King Richard III | Critical Essay by Kristian Smidt

This literature criticism consists of approximately 37 pages of analysis & critique of King Richard III.
This section contains 10,982 words
(approx. 37 pages at 300 words per page)
Buy the Critical Essay by Kristian Smidt

SOURCE: “Plots and Prophecies—The Tragedy of King Richard the Third,” in Unconformities in Shakespeare's History Plays, The Macmillan Press Ltd., 1982, pp. 53-71.

In the following essay, Smidt studies the role of dreams, prophesies, and curses in Richard III, demonstrating the way in which these devices structure the play.

In dramatic method Richard III is the most non-realistic of Shakespeare's history plays, not excepting Richard II. It has even been called ‘the most stridently theatrical’ of all his plays.1 In a sense it is a metadrama in which a self-styled villain conspires with the spectators to produce a black comedy and himself plays a variety of roles in order to deceive and discomfit the other members of the cast. This actor-villain speaks a total of 166 lines (i.e. about 4.5 per cent of the play's dialogue) in soliloquy or...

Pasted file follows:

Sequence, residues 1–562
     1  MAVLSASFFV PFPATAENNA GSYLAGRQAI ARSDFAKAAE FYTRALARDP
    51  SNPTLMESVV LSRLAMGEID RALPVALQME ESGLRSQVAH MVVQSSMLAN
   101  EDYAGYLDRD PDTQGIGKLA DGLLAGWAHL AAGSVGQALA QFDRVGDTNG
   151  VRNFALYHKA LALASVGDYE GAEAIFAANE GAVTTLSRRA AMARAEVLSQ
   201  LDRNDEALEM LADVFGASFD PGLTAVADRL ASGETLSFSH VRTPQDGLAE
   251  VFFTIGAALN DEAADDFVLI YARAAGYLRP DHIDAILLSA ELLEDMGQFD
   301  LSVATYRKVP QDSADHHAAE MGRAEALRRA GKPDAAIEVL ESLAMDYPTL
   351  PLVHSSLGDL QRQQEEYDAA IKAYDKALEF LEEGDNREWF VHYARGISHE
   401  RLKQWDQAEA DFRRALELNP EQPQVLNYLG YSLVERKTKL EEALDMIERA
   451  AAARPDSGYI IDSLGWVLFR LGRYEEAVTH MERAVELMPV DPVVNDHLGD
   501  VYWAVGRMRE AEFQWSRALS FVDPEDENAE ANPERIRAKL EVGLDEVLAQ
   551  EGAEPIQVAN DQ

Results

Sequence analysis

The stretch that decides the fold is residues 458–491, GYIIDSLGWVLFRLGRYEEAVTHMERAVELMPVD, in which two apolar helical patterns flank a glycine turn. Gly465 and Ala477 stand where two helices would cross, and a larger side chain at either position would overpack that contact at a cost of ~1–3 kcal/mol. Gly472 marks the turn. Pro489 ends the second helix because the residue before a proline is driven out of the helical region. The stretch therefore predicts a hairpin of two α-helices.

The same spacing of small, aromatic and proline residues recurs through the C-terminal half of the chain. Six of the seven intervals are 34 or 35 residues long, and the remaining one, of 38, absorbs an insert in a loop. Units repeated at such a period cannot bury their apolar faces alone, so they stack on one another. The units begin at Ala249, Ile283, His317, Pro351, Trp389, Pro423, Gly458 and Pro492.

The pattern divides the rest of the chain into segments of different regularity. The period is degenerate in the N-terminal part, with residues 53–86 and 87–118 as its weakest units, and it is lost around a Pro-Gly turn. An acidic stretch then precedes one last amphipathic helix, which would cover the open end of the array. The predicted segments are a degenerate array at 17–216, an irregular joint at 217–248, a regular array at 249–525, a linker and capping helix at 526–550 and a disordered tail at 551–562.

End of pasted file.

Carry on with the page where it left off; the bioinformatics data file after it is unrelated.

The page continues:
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This section contains 10,982 words
(approx. 37 pages at 300 words per page)
Buy the Critical Essay by Kristian Smidt
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Literature Criticism Series
Critical Essay by Kristian Smidt from Literature Criticism Series. ©2005-2006 Thomson Gale, a part of the Thomson Corporation. All rights reserved.
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